George Colligan, Come Together (Sunnyside)
Pianist Colligan long has been in demand as a sideman for a wide range of jazz greats, from Cassandra Wilson to Buster Williams and Christian McBride. While far from a newcomer as a leader (this is his 19th CD as a leader since 1996), Come Together may make more listeners take notice of his powerful skills as a player, composer and bandleader. It’s a session in which most of the tunes have either heart-felt inspirations or interpretations. The take-no-prisoners capabilities of bassist Boris Kozlov and drummer Donald Edwards are a perfect fit here. My favorites: Colligan’s cover of the Lennon/McCartney title track and two originals: “Have No Fear” and the wistful ballad “Open Your Heart.”
Lili Añel, Every Second in Between (Wall-I Records)
This one has been exercising in my CD player for a week - and doesn’t want to leave the musical gym. New York born and raised and now calling Philadelphia home, singer-songwriter-guitarist Lili Añel has been plying and perfecting her jazz- and folk-tinged craft for some 30 years. Her wisdom and experience are the foundation for her music, which revolve a lot around the concepts of independence, empowerment and roots - and her percussive approach to the guitar that she credits to her Black and Cuban heritage. The only tunes she didn’t write in full are the ballad “So Far Away,” co-written with her identical twin sister, Barbara Añel, and her cover of the Nina Simone-associated “That’s All I want From You.” Grammy-winning producer and engineer winner Glenn Barratt produced this gem. My favorites: all 11 tracks.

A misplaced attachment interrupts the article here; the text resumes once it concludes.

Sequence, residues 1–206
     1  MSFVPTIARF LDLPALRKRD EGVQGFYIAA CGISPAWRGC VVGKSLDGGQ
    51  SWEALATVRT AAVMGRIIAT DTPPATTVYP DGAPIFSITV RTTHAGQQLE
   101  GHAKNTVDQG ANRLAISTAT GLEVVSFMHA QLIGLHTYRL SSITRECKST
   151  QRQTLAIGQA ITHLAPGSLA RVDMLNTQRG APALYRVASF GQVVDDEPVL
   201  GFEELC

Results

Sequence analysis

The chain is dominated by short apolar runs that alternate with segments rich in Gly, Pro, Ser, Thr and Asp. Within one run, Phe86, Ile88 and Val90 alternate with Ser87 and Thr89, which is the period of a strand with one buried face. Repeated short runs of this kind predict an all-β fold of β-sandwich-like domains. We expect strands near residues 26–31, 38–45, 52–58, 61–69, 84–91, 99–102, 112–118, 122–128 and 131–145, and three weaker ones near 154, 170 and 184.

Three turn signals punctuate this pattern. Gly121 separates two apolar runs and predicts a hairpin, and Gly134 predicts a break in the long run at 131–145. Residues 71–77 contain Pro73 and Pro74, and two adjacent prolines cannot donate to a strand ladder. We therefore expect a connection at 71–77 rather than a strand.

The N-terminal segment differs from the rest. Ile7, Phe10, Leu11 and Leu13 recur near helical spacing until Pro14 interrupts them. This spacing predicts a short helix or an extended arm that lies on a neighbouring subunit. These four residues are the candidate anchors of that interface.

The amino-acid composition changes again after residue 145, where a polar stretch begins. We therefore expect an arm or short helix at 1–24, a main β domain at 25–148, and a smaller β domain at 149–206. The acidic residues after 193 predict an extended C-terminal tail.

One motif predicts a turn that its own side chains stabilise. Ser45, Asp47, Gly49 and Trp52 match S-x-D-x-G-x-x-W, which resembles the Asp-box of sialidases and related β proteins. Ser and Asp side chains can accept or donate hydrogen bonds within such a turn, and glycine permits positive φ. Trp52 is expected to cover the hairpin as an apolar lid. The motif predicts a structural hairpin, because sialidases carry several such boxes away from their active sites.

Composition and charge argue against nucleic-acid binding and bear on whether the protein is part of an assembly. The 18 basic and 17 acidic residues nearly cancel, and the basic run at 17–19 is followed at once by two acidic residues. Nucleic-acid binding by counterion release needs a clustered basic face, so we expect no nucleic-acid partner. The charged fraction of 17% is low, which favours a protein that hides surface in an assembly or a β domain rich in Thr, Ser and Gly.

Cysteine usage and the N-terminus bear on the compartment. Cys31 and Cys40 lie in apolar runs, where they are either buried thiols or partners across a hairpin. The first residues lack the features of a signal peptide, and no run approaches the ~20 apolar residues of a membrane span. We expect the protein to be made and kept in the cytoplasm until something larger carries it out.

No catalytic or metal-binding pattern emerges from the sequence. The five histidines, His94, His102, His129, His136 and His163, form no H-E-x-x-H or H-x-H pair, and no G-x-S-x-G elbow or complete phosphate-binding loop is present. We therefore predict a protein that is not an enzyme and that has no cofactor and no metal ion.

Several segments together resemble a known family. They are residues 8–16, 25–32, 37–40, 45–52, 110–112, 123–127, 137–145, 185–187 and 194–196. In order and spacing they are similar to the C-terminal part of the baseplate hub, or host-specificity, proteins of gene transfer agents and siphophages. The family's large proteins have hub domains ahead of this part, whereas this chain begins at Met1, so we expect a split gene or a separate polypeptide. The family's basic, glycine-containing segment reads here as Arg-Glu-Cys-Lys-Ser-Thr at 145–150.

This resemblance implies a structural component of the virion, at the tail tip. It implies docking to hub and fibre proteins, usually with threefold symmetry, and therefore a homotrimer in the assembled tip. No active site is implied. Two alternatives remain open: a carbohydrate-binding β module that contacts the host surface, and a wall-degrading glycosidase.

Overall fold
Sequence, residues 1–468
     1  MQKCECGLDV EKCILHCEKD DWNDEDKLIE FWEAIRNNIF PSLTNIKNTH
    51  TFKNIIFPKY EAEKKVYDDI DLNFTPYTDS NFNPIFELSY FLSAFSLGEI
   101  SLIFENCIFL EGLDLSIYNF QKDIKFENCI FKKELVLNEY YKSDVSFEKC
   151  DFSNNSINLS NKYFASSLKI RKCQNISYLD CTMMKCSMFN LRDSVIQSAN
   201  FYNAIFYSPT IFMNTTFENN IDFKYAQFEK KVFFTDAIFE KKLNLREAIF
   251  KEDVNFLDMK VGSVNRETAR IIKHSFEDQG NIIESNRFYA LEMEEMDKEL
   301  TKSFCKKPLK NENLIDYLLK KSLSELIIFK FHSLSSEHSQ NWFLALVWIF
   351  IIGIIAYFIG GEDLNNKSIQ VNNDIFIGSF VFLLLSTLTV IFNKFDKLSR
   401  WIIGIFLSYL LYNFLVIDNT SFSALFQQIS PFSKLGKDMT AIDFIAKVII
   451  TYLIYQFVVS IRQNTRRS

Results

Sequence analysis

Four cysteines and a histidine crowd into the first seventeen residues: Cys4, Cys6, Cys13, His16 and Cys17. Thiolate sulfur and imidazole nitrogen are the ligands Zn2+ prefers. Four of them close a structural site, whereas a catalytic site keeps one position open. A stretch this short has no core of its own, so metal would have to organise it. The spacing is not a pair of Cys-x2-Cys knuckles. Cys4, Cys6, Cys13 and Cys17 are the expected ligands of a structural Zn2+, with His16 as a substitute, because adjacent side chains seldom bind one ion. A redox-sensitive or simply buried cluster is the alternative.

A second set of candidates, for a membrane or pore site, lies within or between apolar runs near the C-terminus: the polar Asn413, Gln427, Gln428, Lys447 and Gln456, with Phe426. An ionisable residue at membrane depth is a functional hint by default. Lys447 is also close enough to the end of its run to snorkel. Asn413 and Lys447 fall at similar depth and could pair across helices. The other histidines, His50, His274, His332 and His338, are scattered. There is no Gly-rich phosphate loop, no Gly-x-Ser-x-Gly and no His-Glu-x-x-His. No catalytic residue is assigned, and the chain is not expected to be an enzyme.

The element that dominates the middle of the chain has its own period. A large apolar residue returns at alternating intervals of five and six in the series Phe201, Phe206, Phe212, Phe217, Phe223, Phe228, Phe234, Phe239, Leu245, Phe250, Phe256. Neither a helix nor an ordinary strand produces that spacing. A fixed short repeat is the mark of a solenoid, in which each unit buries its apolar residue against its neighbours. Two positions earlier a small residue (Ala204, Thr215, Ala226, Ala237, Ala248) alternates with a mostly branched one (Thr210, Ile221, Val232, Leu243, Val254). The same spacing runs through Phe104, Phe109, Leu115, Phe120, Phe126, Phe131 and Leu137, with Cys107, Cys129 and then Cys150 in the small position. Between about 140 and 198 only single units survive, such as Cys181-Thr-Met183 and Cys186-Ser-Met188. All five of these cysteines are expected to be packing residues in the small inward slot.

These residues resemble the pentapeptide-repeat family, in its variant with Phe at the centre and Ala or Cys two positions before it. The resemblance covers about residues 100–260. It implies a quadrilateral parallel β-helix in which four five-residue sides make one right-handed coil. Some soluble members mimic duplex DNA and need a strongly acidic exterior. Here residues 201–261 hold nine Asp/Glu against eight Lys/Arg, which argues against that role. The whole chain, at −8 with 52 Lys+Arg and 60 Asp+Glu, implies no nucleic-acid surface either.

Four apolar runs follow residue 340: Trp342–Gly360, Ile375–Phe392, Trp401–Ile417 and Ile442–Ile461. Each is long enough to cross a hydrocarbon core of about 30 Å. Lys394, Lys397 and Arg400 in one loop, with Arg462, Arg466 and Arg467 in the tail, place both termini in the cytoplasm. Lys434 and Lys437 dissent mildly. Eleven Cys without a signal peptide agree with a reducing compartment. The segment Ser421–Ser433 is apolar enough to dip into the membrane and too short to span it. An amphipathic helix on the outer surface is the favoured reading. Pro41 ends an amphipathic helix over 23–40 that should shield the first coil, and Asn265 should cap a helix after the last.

Ron Jackson, FlubbyDubby (Roni Music)
This is principally a guitar-organ-drums trio session, which guitarist Ron Jackson recorded live at Cecil’s Jazz Club in New Jersey. It’s a terrific spotlight for the leader’s versatile playing, and perhaps even more for B-3 player Kyle Koehler. There’s something mighty special when guitar and organ get into a groove, and they do here throughout. Drummer Otis Brown III completes the trio’s soulful, funky sound. Saxophonists Don Braden and Bruce Williams stop by to blow riffs on two tracks. My favorites: “One for Melvin,” which Jackson wrote for session producer Melvin Sparks, the title track “FlubbyDubby” and their thoughtful take on the ballad “Stars Fell on Alabama.”